Lord’s Cricket Ground: ‘For all its credentials, the Warner stand lacks a certain finesse’ 11.08.17

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Lords Warner Stand Credit Clare Skinner MCC 1

Populous’s new structure for the MCC is technologically accomplished but feels like a missed opportunity

Lord’s Cricket Ground, adjacent to London’s Regent Park, claims to be the home of cricket and, from what I gather, is the closest equivalent to a hallowed ground for cricket enthusiasts. For the uninitiated, Lord’s is a great, immaculately trimmed lawn, with the faintest wear in its midst, and despite our modern expectations, it is not entirely level, but instead slopes gently to the south. Around it, a contiguous collection of structures, two of which are of exceptional merit. The first of these is the historic Victorian Pavilion built in 1890 and clad in ornate terracotta panelling, which occupies the ground’s west end. It is now reserved for the members of Marylebone Cricket Club, which owns the grounds. Future System’s RIBA award-winning Media Centre from 1998, a smooth, squashed aluminium bauble, faces it head on from the east. In between these is a motley collection of more-or-less functional grandstands, which collectively provide seating for up to 28,000 spectators. In 2013, the sports venue specialist Populous unveiled a masterplan to increase the ground’s capacity to 32,000 and upgrade its facilities.

Lords Warner Stand Lower Tier Detail Credit Morley van Sternberg

Tucked into the north-western corner and adjacent to the Victorian Pavilion, the new Warner stand designed by Populous is the first piece of this planned redevelopment, replacing an earlier structure from 1958. Although the original plan called for an increased capacity, from 2,800 seats to 2,900, the finished structure can accommodate ‘only’ 2,656 spectators and is primarily dedicated to the members of MCC. On the day of the press view, this was somewhat skated over, laying the emphasis on the fact that the number of seats with restricted view has been reduced from about 600 to a mere 100, and the members will have above average legroom. But there were other, more unambiguous achievements as well – the top floor of the structure is reserved for a 100 seat restaurant, the lower level contains a match control room and two new bars – which have up until now been placed alongside the perimeter of the stands on ground level – have been included up inside the stand itself.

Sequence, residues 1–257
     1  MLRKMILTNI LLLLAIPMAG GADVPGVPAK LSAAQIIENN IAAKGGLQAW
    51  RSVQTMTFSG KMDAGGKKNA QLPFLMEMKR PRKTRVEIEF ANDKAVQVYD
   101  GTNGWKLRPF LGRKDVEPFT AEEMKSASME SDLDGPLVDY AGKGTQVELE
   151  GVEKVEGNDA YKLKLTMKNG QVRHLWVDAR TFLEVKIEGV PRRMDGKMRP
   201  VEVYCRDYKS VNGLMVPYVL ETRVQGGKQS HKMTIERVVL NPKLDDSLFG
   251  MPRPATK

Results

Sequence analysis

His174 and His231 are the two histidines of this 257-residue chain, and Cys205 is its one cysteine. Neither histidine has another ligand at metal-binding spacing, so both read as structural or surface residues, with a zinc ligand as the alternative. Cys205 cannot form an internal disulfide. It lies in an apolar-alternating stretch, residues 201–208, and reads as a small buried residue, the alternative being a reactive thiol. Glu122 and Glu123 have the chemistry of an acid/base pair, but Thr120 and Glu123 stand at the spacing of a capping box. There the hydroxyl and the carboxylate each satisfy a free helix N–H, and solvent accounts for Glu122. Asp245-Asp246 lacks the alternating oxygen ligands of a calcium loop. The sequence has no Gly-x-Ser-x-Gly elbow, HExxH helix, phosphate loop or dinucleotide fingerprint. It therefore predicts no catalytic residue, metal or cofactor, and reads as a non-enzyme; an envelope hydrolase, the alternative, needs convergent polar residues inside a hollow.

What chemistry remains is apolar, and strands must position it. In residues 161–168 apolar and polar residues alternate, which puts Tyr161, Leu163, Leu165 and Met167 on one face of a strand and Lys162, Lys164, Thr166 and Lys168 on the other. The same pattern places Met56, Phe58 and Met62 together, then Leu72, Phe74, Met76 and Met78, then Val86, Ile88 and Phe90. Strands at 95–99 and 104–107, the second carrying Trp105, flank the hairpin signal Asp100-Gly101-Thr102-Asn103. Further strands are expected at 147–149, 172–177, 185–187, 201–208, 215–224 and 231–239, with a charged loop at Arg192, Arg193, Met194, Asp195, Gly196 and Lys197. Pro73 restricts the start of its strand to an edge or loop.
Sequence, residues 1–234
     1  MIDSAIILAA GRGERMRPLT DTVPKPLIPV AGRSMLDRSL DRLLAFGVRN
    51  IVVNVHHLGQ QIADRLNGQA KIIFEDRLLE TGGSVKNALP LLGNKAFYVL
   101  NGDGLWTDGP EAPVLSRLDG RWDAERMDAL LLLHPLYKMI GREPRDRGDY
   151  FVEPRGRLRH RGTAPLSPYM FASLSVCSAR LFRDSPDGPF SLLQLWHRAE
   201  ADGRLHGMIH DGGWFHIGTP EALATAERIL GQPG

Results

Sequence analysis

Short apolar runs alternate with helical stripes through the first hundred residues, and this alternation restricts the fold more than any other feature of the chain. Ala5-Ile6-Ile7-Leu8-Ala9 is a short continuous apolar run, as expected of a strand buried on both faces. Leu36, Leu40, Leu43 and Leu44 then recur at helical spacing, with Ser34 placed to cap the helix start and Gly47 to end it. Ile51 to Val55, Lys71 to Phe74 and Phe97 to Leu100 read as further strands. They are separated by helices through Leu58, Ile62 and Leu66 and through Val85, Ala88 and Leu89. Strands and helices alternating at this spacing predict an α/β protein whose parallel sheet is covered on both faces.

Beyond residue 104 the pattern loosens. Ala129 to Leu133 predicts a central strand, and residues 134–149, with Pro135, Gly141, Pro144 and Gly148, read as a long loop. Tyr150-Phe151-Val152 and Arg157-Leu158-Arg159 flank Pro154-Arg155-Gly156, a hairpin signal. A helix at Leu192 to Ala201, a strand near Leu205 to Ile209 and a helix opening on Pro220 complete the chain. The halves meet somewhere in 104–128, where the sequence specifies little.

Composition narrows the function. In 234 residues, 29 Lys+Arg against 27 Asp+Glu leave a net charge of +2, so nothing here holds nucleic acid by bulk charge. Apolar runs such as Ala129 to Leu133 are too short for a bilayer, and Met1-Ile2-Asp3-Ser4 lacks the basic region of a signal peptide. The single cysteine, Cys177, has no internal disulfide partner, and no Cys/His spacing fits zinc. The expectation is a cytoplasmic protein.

Peter Smisek


Lords Warner Stand Credit Clare Skinner MCC

At first, it might seem strange to point out features that have long become standard in large sports stadiums as exceptional, except they definitely are at Lord’s, for three reasons. First, the stands come from different era, when such facilities simply lined the outer perimeter, and as a result of growing capacity, spectators had to wait an average 22 minutes to get their Pimm’s. Second, in England, cricket is seen as the preserve of the white, middle-aged, middle-class male, a conservative demographic if there ever was one, so any novelty is newsworthy in and of itself. Third, Populous managed to integrate an extensive programme within a compact site and without looming over the Pavilion. There are also triumphs of technology: the cantilevered beams made from laminated white oak are the longest in the country, and possibly Europe, the translucent fabric air cushions are lined with 16mm of aerogel. The roof is green, the top of the glass enclosure of the restaurant slides down so that patrons can watch the game and hear the supposedly typical Lord’s hum. The stand fulfils the latest disability access requirements, there are numerous green features such as a green roof, bird boxes and ground source heating and cooling.

Lords Warner Stand Pelhams Restaurant Credit Morley van Sternberg

Yet for all its credentials, the Warner stand lacks a certain finesse. There are structural gymnastics galore – the building’s grid shifts three times to accommodate the various seating arrangements on its two tiers and supporting the airy canopy – but the edges and balustrades that face the green are faceted where they could have been curved. There might be a point in making most sports venues vandal proof, but with the average age of Marylebone’s Cricket Club members hovering around 60, as well as cricket’s polite image, the standardised banality of the detailing of the circulation spaces and blandness of the bars is an opportunity missed. Yes, Populous has proven it can weave a complex, additional programme into a compact building envelope, and of course it lives up to its reputation as a sports venue specialist, but in this case, a better interior architect would have helped inject the space with a bit more refinement. It’s certainly commendable, but not quite great.

Lords Warner Stand Opening Match Credit Morley van Sternberg

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